Front View of Thomas House

Ward-Thomas Museum

Ohio Association of Historical Societies and Museums

Five images of buildings and grounds

Early Landowners

Ward — Thomas Museum
Home of the Niles Historical Society
503 Brown Street Niles, Ohio 44446

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Mail: PO Box 368 Niles, Ohio 44446

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1830 Weathersfield Map of Property Owners.

1830 Weathersfield Map of Property Owners.

1840 Weathersfield Map of Property Owners.

1840 Weathersfield Map of Property Owners.

Maps Reveal Early Land Owners Here
(From Centennial Club History)
By use of the early township maps, the ownership of the land now in Niles can be traced in rough outline through the Heaton period. The map of 1815 shows James Heaton to be the owner of all the land north of the Mahoning River for a distance of one and one-half miles and for at least one-half mile on either side of the Mosquito Creek, although he apparently shared ownership of part of the land on the east side of the creek near the river with Joshua Stow, one of the original members of the Connecticut land company.

The land on the south side of the river, west of the point where the Meander Creek joins the river was the property of Bariah Battles, while that lying east of the confluence of the two streams and south of the river was owned by Robert McCombs. At the end of the Heaton period in 1840, few changes to the land ownership outside the village had taken place. The original James Heaton possessions were now in the hands of his son, Warren Heaton; the Joshua Stow land east of the creek and north of the river had been purchased by Josiah Robbins Sr., and the Bariah Battles property was recorded in the name of his heir, John Battles.

Weathersfield Township Map featuring Niles.

Weathersfield Township Map featuring Niles.


1840 map of Niles.

1840 map of Niles.

Of the 54 lots platted in 1834, they were listed as follows: 23 lots, James and Warren Heaton, 12 lots - Heaton and Robbins, Lot 18 - M. Rider, 20 - William McKinley Sr., 22 - Jacob Robinson, 29 - Ambrose Mason, 31 - James Heaton, 37 - J. Frederick, 42 - David Bowell, 43 and 44 - A. Kingsley, 45,46 and 47 - Thomas Evans, 49- school grounds, 48,50,51 and 52- Warren Heaton, 53 - John Dray, and 54 - James Dempsey. PO1.665

In the village plat of 1837, there were fifty-four lots recorded, twenty-nine of which were owned by James Heaton and his son, Warren, and twelve more were jointly held by Heaton and Robbins. The remaining lots were recorded in the names of Thomas Evans, A. Kingsley, John Dray, James Dempsey, J. Frederick, Ambrose Mason, David Bowell, Jacob Robeson, M. Rider, and one lot, that is now occupied by the McKinley Savings and Loan Company, by William McKinley, Sr.

That there were fifty-four lots in the first plat by no means indicates that there were fifty-four dwellings. Most of the lots were vacant, there being but thirteen recorded property owners. Outside the village plat, however, there were probably workmen’s cabins along the creek, and in addition, farms scattered throughout the vicinity. But with the exception of the farm clearings, Niles town in 1834 must be imagined as a diminutive settlement with the forest pressing in on all sides almost to the present business district, and with pioneer conditions on living and travel still prevailing.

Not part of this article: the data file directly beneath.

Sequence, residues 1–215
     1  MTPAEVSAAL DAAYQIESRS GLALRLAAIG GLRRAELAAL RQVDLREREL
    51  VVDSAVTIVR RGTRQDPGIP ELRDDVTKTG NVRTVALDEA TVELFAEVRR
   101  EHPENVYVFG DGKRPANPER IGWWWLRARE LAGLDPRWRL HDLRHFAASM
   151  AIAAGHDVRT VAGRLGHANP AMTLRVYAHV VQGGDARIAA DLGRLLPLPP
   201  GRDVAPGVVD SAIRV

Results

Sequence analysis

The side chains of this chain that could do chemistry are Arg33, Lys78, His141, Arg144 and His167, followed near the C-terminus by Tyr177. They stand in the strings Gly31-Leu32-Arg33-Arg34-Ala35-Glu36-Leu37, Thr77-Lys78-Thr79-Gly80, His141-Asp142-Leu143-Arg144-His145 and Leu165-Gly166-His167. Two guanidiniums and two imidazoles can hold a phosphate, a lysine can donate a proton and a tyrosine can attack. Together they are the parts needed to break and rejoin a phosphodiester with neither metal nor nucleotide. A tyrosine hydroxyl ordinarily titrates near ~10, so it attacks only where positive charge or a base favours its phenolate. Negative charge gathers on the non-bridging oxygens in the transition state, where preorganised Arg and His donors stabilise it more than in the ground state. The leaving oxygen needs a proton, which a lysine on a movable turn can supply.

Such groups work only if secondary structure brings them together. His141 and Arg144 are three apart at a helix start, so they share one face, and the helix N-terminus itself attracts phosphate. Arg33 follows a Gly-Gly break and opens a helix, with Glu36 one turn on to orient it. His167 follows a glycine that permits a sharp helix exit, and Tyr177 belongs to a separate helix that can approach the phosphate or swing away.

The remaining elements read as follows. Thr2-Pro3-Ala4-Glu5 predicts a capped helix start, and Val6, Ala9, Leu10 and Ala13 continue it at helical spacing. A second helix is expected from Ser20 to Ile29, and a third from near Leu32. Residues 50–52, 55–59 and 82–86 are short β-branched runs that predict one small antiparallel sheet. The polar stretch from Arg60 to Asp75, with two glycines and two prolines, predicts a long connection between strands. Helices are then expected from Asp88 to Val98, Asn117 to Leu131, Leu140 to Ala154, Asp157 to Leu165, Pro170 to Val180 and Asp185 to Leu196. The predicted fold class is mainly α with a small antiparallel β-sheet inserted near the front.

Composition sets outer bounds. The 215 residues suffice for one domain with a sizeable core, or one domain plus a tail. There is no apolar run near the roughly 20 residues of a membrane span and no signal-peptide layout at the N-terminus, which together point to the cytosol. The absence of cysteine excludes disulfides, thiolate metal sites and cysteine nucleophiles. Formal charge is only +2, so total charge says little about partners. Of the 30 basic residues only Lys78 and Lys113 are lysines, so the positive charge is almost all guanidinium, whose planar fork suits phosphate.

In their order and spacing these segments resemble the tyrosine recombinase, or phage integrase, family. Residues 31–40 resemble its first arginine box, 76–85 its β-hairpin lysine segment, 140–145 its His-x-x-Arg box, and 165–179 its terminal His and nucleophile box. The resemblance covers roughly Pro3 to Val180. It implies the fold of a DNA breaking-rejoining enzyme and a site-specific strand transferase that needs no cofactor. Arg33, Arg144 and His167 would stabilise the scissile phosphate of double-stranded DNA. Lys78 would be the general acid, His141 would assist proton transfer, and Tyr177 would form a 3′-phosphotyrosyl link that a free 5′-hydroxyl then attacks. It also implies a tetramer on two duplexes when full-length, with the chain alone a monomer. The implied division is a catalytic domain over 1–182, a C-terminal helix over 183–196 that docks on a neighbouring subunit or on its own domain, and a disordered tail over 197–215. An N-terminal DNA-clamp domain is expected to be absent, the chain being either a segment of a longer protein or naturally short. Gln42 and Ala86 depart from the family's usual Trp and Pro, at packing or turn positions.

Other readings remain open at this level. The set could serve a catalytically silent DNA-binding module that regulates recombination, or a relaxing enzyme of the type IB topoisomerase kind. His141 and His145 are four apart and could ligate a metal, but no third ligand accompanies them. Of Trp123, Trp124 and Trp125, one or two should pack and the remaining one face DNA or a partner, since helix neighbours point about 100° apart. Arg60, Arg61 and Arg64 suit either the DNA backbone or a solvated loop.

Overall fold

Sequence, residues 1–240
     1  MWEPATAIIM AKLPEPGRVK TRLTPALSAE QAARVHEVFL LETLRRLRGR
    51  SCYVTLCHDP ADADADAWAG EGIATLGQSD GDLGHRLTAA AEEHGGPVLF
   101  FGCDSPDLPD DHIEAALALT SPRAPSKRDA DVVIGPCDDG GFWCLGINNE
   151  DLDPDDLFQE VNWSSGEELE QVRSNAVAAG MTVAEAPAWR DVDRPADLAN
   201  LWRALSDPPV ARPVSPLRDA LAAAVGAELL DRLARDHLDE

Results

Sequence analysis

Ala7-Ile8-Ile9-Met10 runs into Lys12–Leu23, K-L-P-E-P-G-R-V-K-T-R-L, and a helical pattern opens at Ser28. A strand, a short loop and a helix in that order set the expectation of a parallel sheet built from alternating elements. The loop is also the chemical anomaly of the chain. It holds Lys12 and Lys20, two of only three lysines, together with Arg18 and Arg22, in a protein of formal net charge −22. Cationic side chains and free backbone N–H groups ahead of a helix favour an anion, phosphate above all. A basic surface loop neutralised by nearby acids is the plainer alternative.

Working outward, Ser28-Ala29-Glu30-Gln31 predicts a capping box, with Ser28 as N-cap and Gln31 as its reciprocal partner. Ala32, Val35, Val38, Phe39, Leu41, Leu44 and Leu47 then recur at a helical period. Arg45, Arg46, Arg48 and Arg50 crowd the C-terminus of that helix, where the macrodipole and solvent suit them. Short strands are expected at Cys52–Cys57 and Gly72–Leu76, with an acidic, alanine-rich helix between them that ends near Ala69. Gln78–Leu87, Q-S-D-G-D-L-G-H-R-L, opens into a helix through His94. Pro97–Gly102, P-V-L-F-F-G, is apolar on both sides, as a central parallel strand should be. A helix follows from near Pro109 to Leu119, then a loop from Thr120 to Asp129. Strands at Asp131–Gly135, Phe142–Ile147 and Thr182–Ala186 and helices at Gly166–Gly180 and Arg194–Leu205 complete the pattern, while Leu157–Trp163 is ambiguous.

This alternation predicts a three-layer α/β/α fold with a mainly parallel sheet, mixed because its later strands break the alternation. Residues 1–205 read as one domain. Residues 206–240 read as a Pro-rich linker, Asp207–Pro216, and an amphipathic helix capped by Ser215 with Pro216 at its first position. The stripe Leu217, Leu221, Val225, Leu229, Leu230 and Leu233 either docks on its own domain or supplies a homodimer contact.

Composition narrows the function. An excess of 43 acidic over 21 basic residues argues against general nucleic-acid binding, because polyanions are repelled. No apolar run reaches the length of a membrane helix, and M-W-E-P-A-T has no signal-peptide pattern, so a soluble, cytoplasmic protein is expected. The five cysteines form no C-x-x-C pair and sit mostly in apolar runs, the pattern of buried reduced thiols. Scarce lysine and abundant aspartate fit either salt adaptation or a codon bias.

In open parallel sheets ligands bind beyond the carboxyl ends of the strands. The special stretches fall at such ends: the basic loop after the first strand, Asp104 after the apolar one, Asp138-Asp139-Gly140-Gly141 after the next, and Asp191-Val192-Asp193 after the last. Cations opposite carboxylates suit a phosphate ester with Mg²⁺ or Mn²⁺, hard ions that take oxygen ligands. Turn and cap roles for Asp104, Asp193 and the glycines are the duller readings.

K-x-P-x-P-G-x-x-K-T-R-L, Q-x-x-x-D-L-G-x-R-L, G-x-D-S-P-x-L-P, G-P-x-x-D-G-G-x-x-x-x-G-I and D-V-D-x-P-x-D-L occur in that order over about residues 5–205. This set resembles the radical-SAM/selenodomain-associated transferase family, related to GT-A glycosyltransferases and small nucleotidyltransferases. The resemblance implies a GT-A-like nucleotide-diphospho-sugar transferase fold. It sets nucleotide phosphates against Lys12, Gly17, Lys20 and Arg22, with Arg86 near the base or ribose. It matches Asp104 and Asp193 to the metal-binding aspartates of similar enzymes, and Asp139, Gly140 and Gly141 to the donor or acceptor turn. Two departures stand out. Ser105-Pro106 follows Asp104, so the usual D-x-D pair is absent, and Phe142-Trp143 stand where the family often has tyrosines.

An 1847 map of Niles showing the lots platted downtown by James Heaton.

An 1847 map of Niles showing the lots platted downtown by James Heaton. PO1.652

1847 map of south Niles.

1847 map of south Niles.
Note only one of the street names have remained the same. PO1.660


Niles Sandborn Fire Insurance Map, 1898.

Niles Sandborn Fire Insurance Map, 1898.

Niles Sandborn Fire Insurance Map, 1915.

A Sanborn fire map is a sheet map or atlas map depicting the built environment of a city. A fire insurance map thoroughly describes buildings, land use, and transportation infrastructure, unlike a street map. Fire insurance became an essential thing in the 19th century.

Historic photographs, city directories, and birds-eye images (aerial photographs and maps) each reveal important information about historic buildings. Historic photographs depict the historic form, construction, and architecture of a building; city directories document the address, occupancy, and function of a building; and birds-eye images illustrate the spatial organization of structures, cityscapes, and landscapes. But is there a historic document that informs historians with the knowledge gathered separately from historic photographs, city directories, and birds-eye images?

While Sanborn Fire Insurance maps were originally intended to aid the assessment of fire risk by insurance companies, modern historians study these maps for their unrivalled documentation of the historical addresses, sizes, functions, construction materials, and geospatial distribution of structures. This information together, as demonstrated, is akin to using historic photographs, city directories, and birds-eye images in tandem.

Viewing the 1898 and 1915 Sandborn Fire Insurance maps of downtown Niles will show thw additions to the area's business and industrial growth.

The 1915 map has a red outline indicating the original plats as laid out by James Heaton in 1834.


 

 

 


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